The Royal Langkawi International Regatta celebrated it’s tenth year this year, with 36 boats competing in seven classes, in what has become one of the hotly-contested regattas on the Asian circuit.
An archipelago, Langkawi is the largest island and home to the Royal Langkawi Yacht Club, founder and host of the Royal Langkawi International Regatta.
One of only a few marina-based regattas in Asia, participants experienced a variety of courses and race areas over the five days.
In addition to welcoming back familiar faces, the Regatta organisers welcomed a number of new boats and crews this year.
One crew in particular was Team Hooligan, lead by Marcus Blackmore. Racing for their first time in Asian waters, the team arrived on the back of an undefeated Australian campaign.
The 2012 Regatta started with racing in Kuah Harbour and a series of windward-leewards for the IRC classes. Principal Race Officer, Simon James, got the fleet off on time and the 10th anniversary regatta was underway.
In the IRC Racing Class, stalwarts of the Asian regatta scene, Jelik II, skippered by Frank Pong, and Team HiFi, skippered by Neil Pryde, were up against Asian newcomer, team Hooligan, skippered by Marcus Blackmore, and the two identical DK 47s, Utarid and Uranus, from the Malaysian Navy.
The two Malaysian teams were evenly matched, and tracked each other closely throughout the five-day series. After 10 races, Uranus took third overall with Utarid in fifth – the Malaysian Navy boats split by Jelik II.
Team HiFi put up a spirited challenge, but in the end Hooligan were too strong, and took the title, with Team HiFi in second.
The IRC 40-footers are becoming the hottest class in Asia and at the Royal Langkawi International Regatta, they did not disappoint. The fleet of four put on a close show with local Malaysian favourite, Mata Hari, taking two wins on the first day. Ben Copley’s Swan ‘Katsu’ narrowly missed out on some top-level finishes, but kept pushing Mata Hari and Jing Jing throughout, with Singaporean entry, Tantrum, snapping at their heels.
After a slow start to the series, Chinese entry Jing Jing, finally found her winning ways and went on to clinch the series win on the very last race, by a single point.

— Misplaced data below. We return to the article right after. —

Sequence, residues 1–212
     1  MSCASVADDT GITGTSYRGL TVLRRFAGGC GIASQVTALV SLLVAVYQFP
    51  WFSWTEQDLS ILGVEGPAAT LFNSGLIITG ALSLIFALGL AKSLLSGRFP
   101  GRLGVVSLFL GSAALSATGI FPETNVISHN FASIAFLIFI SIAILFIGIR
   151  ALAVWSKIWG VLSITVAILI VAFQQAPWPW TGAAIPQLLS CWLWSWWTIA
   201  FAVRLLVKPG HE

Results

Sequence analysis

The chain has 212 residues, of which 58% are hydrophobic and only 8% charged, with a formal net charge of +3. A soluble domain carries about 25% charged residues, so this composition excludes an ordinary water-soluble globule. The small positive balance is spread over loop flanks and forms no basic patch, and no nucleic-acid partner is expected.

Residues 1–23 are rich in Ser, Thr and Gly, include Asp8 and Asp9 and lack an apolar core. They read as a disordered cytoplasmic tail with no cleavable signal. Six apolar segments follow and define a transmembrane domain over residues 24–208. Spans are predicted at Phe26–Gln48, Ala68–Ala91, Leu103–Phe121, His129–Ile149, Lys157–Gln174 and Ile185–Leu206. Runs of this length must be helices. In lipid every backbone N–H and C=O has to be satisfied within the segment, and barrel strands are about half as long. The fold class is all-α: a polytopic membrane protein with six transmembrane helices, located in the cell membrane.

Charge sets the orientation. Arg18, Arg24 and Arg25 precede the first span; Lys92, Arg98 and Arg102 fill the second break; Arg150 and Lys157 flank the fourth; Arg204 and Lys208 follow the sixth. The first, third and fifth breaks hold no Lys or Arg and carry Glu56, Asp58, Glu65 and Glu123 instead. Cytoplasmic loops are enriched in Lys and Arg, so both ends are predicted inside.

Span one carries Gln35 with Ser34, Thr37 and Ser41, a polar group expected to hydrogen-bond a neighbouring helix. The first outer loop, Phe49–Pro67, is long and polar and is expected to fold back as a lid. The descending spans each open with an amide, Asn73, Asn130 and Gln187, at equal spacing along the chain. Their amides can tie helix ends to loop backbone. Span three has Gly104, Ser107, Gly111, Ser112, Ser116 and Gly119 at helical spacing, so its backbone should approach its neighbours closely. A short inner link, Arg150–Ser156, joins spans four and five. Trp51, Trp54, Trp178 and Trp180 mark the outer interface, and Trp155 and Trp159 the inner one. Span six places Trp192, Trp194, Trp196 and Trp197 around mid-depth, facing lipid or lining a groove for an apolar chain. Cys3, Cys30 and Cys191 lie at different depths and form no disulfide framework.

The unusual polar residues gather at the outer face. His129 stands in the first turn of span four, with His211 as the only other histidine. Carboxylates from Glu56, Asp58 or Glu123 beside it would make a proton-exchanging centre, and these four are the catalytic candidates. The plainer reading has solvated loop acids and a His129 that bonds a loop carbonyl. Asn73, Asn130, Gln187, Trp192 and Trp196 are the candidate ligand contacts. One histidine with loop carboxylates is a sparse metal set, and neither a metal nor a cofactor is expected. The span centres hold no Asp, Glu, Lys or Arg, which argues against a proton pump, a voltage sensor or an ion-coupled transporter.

In the IRC 2 Class, five boats with multinational crews were challenging for the title. Of the five, three were returning from last year, including 2011 winner Phoenix.
While favourites on paper, Phoenix didn’t have it their own way as Skandia Endeavour Of Whitby scored two wins on the first day, and lead the series going into the penultimate day. A disappointing fifth from Skandia Endeavour Of Whitby saw Phoenix take her chance, and go on to seal the win on the final day by a single point.
The Sports Boat Class was made-up of five one-design 25ft Farr-designed Platus, and included three teams from Malaysia. Windward-Leewards, Coastal Courses and an ‘Around-The-Islands’ course could not separate the fleet.
Top places were traded throughout the week between pre-regatta favourites, Singapore Management University, and the Malaysian Armed Forces. Going into the final day and the last race of the series, before discard both boats were equal on points.
Singapore Management University got a good start and lead around the first two legs, with the Malaysian Armed Forces in third behind Malaysian Yachting Association/ KFC. On the penultimate downwind leg, Malaysian Armed Forces moved into second and a tacking duel ensued.
There was nothing between the three boats as they headed to the finish. A mere four seconds separated them on the line, with the Malaysian Armed Forces taking the win by two seconds from Singapore Management University. After discard, the two were equal on points and the Malaysian Armed Forces won the series on count-back.
Three-time winner Grenville Fordham, skippering Andaman Cabriolet Nina in the Multihull Class, got off to a slow start with a last place finish in the first race.
Slowly finding his feet, he couldn’t do anything to halt the flying Fantasia who finished the series unbeaten, winning seven from seven, and claiming the class crown.
Age and beauty don’t always mix, but they can often do so in sailing. The Club Class, the largest class with nine boats, and the Ocean Rover Class, with four boats, proved to be as hard fought as any of the other classes in the Regatta. While the 100-year old Grand Dame, Eveline, would likely have won an award for “most beautiful”, in the races no quarter was given in either class.
In the Club Class, by mid-series, three boats were in the running for the title. Smystery was proving to be inconsistent, Free Wind had a couple of poor finishes pulling her down, and Rascal was keeping both in her sights. Going into the final two days, Smystery finally showed her true colours, and finished with a first and a second to take the title by just two points.
My Toy ran away with the Ocean Rover Class, winning with a six point margin. However, this does not reflect how close the racing was on-the-water. In some cases, after almost five hours of racing, only 13 seconds separated the top two on corrected time.
The 2012 Royal Langkawi International Regatta will be remembered for good winds and top competition… And great social events.
As the week came to a close, winners were presented at a poolside Gala Dinner at the Royal Langkawi Yacht Club, presided over by special guest and former Prime Minister of Malaysia, Dr Mahatir bin Mohamad.